By Nancy Armour |
This series is over.
Oh, there’s still a Game 4 on Friday night. But for all intents and purposes, these NBA Finals are done. If the Cleveland Cavaliers can’t beat the Golden State Warriors on a night when LeBron James finally got some help and Klay Thompson and Stephen Curry were basically non-existent, they have little hope of winning a game, let alone four in a row for what would be the most epic of all comebacks.
While Golden State starts planning its parade – is planning really needed when you’re doing it for the third time in four years? – Cleveland needs to think of what changes it will make to entice free-agent-to-be James to stay. Because this team won’t cut it.
“That margin for error is so thin and so little against them that, in some cases, you almost have to be perfect,” Kevin Love said after the Warriors took a 3-0 lead with a 110-102 victory Wednesday night.
Despite zero points from Kyle Korver and a marginal game by Tristan Thompson, this game should have been Cleveland’s for the taking. It was playing in the friendly confines of Quicken Loans Arena, where the Cavaliers were 8-1 in the playoffs. The crowd was raucous even before the opening tip, and you’d have to be comatose not to feed off that energy.
The Cavaliers got the start they wanted, racing out to a 12-point lead midway through the first quarter. The physicality that Tyronn Lue had preached the last two days was on display, while J.R. Smith and Love finally gave James some help.
The Warriors, meanwhile, got almost nothing from Curry and Thompson. Curry needed a pair of free throws in the closing seconds just to reach double figures, and he finished with 11 points. Thompson wasn’t much better, with 10 points.
The Splash Brothers were a combined 7-of-27, including 3-of-15 from 3-point range.
“Holding Steph to 11 points and Klay to 10, you would think you would win that game,” Lue said.
You would think.
As much as people gripe about a fourth year of Warriors-Cavs, how it’s the same ol’, same ol’, it’s not even close. Golden State bears little resemblance to the team that needed six games to beat Cleveland in 2015 and blew a 3-1 lead the next season, and the difference is Kevin Durant.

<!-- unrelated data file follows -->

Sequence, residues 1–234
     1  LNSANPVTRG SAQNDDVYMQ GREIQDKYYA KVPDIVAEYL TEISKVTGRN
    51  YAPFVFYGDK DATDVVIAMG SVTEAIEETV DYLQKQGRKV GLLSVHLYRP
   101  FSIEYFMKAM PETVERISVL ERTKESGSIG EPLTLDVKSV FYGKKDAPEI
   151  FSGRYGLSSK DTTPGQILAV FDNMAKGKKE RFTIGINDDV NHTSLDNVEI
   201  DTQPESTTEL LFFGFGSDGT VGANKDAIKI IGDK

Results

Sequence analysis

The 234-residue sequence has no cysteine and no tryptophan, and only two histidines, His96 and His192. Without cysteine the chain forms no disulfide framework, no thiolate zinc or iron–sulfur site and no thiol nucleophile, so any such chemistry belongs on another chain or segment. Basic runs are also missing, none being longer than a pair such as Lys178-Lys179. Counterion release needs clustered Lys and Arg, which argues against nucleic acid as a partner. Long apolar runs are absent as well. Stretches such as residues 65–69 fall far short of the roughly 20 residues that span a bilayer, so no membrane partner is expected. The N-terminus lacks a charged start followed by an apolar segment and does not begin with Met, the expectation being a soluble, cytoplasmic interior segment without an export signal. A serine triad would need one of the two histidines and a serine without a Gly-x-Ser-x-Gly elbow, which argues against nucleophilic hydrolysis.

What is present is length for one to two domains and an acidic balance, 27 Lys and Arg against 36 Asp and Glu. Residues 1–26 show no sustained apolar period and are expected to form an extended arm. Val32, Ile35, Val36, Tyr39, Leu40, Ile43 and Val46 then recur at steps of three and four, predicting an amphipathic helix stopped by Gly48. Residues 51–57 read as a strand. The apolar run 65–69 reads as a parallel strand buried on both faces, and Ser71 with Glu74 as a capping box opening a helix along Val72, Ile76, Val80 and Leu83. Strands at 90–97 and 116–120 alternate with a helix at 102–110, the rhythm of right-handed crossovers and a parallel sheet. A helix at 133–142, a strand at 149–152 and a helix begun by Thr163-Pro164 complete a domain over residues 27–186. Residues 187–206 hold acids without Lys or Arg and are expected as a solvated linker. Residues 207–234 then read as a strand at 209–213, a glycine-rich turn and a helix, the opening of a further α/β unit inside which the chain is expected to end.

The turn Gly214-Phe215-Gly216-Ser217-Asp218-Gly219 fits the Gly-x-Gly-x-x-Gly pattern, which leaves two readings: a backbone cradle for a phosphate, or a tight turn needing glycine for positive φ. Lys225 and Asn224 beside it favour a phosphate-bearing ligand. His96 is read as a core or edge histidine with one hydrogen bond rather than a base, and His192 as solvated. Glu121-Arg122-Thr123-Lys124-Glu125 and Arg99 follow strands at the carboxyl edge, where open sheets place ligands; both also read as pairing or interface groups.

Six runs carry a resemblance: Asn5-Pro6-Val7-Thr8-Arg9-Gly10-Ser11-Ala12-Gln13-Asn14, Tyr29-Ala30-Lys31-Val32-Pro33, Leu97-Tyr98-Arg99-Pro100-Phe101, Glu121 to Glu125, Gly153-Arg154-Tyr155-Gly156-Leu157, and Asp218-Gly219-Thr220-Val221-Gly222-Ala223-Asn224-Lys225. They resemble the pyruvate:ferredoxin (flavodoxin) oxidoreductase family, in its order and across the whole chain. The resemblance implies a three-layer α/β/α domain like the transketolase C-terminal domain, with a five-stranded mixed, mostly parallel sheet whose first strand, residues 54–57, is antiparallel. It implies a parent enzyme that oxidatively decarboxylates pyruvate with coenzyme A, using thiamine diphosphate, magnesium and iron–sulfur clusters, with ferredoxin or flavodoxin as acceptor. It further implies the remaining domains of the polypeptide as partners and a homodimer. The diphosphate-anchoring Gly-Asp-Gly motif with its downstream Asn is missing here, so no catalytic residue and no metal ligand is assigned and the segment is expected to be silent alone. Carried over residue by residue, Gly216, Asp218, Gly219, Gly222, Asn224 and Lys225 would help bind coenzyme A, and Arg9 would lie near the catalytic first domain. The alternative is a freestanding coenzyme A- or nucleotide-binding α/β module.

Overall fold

Curry, Thompson and Draymond Green are spectacular talents, no question. But Durant is, as James said Wednesday night, “an assassin,” and he single-handedly pushed the Cavs to the brink of elimination.
Just as he did in Game 3 last year.
Durant finished with 43 points, including a pair of 3-pointers that might as well have been daggers. After trailing by as much as 12 in the first half, the Warriors went into halftime down just six after Durant hit a trey practically from mid-court.
With less than 50 seconds to play and Golden State clinging to a three-point lead, Durant let fly with one last one from long range to put the game out of reach.
“Durant got away from us a little bit,” Lue said in what qualifies as the understatement of the night.
There was a time when the Warriors seemed vulnerable. They needed seven games to beat Houston in the Western Conference finals, and a stunning lack of focus by Smith to win Game 1 of the Finals.
But championship teams, James said, rise to the occasion.
“It’s almost like playing the (New England) Patriots. You can’t have mistakes,” James said. “They’re not going to beat themselves.”
And James can’t beat the Warriors himself. After big first halves, Love and Smith cooled off. Love had only five of his 20 points in the second half, while Smith scored three of his 13.
Rodney Hood had a monster night, finishing with 15 points on 7 of 11 shooting. But it’s clear the Cavaliers need more.
“We know that we’re capable,” Love insisted. “We feel like we’ve been right there. We just have to come out Friday and not give in.”
It’s an admirable attitude. But even if the Cavaliers can do a better job of containing Durant, odds are that Curry and Thompson will not forget how to shoot for a second night in a row.
No, this was the game the Cavaliers had to win. Should have won. Now the result of these Finals is inevitable, and it can only be delayed for so long.
This article was republished with permission from the original author and 2015 Ronald Reagan Media Award recipient, Nancy Armour, and the original publisher, USA Today. Follow columnist Nancy Armour on Twitter @nrarmour.